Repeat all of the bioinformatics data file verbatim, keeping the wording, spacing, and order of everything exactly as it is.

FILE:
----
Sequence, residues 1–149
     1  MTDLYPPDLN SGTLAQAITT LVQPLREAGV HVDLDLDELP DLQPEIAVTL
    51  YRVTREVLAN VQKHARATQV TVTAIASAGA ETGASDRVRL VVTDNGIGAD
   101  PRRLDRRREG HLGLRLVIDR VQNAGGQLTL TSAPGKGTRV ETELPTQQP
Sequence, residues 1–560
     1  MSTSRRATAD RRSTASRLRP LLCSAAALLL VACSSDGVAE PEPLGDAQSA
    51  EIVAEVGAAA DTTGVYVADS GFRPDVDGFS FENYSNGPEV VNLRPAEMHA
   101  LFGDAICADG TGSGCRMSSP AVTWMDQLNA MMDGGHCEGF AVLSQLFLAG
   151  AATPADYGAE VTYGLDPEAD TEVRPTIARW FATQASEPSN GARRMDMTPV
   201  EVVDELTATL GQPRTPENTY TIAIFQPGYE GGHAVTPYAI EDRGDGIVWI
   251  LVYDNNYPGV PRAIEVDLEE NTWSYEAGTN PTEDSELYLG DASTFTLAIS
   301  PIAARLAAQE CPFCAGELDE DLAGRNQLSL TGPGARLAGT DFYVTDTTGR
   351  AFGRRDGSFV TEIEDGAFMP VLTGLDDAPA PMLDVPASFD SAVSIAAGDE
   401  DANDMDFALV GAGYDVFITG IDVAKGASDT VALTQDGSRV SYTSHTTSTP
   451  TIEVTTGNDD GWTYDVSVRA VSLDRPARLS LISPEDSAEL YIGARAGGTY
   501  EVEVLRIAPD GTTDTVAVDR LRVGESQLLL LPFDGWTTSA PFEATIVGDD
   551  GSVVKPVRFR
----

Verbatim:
Sequence, residues 1–149
     1  MTDLYPPDLN SGTLAQAITT LVQPLREAGV HVDLDLDELP DLQPEIAVTL
    51  YRVTREVLAN VQKHARATQV TVTAIASAGA ETGASDRVRL VVTDNGIGAD
   101  PRRLDRRREG HLGLRLVIDR VQNAGGQLTL TSAPGKGTRV ETELPTQQP
Sequence, residues 1–560
     1  MSTSRRATAD RRSTASRLRP LLCSAAALLL VACSSDGVAE PEPLGDAQSA
    51  EIVAEVGAAA DTTGVYVADS GFRPDVDGFS FENYSNGPEV VNLRPAEMHA
   101  LFGDAICADG TGSGCRMSSP AVTWMDQLNA MMDGGHCEGF AVLSQLFLAG
   151  AATPADYGAE VTYGLDPEAD TEVRPTIARW FATQASEPSN GARRMDMTPV
   201  EVVDELTATL GQPRTPENTY TIAIFQPGYE GGHAVTPYAI EDRGDGIVWI
   251  LVYDNNYPGV PRAIEVDLEE NTWSYEAGTN PTEDSELYLG DASTFTLAIS
   301  PIAARLAAQE CPFCAGELDE DLAGRNQLSL TGPGARLAGT DFYVTDTTGR
   351  AFGRRDGSFV TEIEDGAFMP VLTGLDDAPA PMLDVPASFD SAVSIAAGDE
   401  DANDMDFALV GAGYDVFITG IDVAKGASDT VALTQDGSRV SYTSHTTSTP
   451  TIEVTTGNDD GWTYDVSVRA VSLDRPARLS LISPEDSAEL YIGARAGGTY
   501  EVEVLRIAPD GTTDTVAVDR LRVGESQLLL LPFDGWTTSA PFEATIVGDD
   551  GSVVKPVRFR